Before I could even hit my first lyric or start body rolling, a neighbor boy who wanted to help dig joined Britney and me. Until that point I had refused help from passerby’s being my normal stubborn self, wanting to prove… something. I can’t remember what that was now.
Britney, not sharing my stubbornness, gladly handed over the isaku (ho) and the boy started tilling away. He was moving an amazing amount of dirt, working with more skill and power then I had put into all of the ridges combined. Before long he was ½ of the way through and I could feel Britney looking at me expecting me to have him stop so that I could take over. She knew I wanted this to be my project- and she was right. BUT after days of hard work just to watch someone do something so much better then I could… I couldn’t help but just let him keep going. 20 minutes later he was done, the first step of my garden was complete, I had made a new friend (4) and lost a battle I’ve been fighting since my brothers were allowed first dibs cutting down the Christmas tree. Oh well… save the feminism for my girl’s group, right?
Next step was preparing the soil. For a week I watered the dirt (this will be a theme throughout) and added manure from next door. Benefit of living next to pigs and cows is there is plenty of manure lying around; the down side is there is shit everywhere! Funny how one work can change the mood so much… huh?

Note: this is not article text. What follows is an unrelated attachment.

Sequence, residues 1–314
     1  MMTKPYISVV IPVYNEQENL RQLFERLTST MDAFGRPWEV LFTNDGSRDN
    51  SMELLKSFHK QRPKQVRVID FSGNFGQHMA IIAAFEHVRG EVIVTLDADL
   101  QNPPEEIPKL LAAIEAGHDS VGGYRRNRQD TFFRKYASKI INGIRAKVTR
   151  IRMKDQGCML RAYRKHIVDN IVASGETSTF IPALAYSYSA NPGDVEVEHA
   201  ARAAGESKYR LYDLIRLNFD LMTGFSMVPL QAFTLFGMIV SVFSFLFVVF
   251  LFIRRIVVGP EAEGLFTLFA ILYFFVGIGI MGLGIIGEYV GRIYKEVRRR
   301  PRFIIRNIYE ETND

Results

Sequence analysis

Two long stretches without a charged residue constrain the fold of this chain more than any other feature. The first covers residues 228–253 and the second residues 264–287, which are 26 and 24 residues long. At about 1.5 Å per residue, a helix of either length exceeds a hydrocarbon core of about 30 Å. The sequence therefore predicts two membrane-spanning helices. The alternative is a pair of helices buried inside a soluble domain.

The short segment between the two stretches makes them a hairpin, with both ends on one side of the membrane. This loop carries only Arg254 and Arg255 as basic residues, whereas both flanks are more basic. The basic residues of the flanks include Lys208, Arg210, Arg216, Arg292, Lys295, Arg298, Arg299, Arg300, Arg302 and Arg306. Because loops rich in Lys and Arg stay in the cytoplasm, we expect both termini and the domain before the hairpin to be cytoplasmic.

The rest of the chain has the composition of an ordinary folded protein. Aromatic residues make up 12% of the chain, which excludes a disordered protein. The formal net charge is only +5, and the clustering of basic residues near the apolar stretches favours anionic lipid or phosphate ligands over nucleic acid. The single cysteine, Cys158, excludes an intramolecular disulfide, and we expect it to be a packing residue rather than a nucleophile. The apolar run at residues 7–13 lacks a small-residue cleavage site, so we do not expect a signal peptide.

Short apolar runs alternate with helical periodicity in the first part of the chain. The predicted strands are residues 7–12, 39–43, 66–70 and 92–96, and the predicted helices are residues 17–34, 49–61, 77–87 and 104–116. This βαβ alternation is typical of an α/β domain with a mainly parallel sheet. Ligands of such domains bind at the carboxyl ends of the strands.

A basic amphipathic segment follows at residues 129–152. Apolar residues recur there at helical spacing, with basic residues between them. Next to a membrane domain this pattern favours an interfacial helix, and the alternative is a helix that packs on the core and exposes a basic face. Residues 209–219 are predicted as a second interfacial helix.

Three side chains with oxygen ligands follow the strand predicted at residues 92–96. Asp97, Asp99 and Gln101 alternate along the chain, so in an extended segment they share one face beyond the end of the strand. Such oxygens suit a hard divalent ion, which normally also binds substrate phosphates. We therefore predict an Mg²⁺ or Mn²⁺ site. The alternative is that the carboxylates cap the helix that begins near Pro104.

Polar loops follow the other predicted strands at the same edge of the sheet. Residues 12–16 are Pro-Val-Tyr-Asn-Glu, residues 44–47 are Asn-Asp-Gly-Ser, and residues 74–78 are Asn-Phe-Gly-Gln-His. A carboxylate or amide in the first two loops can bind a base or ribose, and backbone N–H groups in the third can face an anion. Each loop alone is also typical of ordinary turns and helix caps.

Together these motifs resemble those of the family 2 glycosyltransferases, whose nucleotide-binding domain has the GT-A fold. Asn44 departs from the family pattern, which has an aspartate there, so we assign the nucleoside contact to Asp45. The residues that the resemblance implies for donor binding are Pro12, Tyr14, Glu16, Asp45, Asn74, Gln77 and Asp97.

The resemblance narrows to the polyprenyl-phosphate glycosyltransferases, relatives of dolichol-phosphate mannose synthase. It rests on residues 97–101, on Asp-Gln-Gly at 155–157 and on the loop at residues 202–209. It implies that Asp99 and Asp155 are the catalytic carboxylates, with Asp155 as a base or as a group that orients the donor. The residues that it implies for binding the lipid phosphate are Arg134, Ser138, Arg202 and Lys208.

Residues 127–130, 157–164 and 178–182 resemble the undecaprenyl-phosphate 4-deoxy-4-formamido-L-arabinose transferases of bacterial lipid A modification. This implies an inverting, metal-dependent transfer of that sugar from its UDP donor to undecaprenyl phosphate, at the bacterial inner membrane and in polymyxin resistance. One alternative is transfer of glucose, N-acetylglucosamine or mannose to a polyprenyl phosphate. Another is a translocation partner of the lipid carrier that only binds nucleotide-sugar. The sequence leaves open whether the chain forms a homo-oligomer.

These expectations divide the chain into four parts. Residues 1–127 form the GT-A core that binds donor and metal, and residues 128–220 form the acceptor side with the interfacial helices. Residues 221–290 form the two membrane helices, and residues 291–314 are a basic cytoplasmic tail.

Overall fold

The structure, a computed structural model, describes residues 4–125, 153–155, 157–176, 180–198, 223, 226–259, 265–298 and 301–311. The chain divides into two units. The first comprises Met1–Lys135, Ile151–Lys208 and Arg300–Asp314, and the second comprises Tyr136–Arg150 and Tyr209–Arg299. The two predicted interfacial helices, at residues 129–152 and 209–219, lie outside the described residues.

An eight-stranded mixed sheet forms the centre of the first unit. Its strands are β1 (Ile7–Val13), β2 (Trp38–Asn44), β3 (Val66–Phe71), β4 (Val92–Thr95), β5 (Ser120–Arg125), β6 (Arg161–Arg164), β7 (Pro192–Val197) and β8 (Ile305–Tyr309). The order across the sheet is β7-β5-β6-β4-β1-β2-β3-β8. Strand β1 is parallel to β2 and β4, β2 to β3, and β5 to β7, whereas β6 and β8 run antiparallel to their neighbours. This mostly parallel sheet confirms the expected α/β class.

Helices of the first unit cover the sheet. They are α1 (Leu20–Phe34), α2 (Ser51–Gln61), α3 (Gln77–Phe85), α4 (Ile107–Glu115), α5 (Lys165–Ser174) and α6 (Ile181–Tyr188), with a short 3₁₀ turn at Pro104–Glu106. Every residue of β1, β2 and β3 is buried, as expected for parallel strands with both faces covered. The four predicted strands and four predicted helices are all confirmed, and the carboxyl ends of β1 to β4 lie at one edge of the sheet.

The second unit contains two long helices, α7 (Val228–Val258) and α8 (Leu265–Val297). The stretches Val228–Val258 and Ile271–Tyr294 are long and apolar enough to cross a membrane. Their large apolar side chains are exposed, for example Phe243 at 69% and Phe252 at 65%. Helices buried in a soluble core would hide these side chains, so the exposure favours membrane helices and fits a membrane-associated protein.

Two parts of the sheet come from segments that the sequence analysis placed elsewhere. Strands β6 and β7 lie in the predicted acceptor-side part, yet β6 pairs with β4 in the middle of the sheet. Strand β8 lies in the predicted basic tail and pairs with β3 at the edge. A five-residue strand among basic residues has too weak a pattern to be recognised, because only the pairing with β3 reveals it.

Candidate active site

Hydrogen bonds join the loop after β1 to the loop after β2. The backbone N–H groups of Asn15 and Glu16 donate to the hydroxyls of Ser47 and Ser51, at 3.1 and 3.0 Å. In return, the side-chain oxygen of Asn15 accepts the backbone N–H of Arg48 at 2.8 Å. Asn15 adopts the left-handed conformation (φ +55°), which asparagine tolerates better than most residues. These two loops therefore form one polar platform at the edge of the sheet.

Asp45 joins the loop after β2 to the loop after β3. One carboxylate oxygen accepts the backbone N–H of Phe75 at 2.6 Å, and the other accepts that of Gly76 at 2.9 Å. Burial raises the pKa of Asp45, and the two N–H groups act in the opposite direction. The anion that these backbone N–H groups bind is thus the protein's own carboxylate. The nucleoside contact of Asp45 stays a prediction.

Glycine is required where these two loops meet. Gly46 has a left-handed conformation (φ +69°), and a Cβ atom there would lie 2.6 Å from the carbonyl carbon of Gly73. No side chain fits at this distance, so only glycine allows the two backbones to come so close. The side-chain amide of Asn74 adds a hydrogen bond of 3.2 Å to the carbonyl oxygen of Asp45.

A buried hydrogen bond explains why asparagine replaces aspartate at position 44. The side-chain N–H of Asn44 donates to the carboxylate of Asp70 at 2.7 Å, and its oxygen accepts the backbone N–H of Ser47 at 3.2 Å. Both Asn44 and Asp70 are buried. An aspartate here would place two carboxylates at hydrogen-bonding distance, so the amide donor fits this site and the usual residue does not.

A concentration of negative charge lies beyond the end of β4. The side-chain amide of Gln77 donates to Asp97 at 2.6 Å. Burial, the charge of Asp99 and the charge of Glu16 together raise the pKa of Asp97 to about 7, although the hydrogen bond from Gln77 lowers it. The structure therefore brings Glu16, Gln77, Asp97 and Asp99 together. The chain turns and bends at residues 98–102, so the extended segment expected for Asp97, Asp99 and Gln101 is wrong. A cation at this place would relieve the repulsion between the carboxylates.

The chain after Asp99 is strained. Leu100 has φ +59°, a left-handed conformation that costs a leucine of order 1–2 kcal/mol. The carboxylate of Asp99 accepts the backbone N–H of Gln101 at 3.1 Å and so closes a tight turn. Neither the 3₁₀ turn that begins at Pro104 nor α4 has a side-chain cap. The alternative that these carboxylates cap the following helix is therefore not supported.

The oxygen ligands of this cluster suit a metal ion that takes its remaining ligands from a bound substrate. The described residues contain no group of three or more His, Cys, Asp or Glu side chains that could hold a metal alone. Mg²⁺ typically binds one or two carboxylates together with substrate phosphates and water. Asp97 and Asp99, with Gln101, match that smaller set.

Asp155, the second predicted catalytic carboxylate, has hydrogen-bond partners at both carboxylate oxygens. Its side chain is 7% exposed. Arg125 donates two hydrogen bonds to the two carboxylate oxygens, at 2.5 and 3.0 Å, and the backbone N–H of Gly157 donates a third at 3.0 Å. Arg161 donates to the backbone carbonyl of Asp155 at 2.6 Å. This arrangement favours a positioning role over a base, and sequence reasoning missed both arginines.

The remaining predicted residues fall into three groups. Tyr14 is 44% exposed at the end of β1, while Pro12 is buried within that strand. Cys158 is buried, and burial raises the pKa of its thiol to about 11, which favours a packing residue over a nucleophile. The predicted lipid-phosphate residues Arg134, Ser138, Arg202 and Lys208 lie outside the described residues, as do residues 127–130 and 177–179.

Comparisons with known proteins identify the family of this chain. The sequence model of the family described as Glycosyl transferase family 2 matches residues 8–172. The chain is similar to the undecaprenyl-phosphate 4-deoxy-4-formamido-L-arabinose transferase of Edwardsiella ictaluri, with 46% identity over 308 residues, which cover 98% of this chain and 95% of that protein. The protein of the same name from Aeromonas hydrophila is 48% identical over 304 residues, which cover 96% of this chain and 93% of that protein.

My friend, Mr. Chiona, at the health center (more on this amazing worker in the future, I promise) knew I was starting a garden and wanted to help. As if building my front fence wasn’t enough, he then offered to bring over seedlings for mustard spinach and tomatoes to get me started.
Britney, Maggie a midwife from the HC and I planted nearly a full row of seedlings. I officially had plants!
Inspired by the progress, that evening I planted some of the veggie seeds that I had bought in country. Peppers, onion, lettuce, peas, cucumber and garlic went into the ground.
After about a month of daily watering and a few casualties from the damn chickens, a few plants were starting to show progress. The transplanted seedlings were looking good but some seeds were deciding not to show up for the party. Two amazing care packages later from my family and I have more seeds then I know what to do with. Brussel sprouts and cauliflower not being part of my diet has left a huge hole in my heart, so if those two are successful I will be the happiest girl in the world.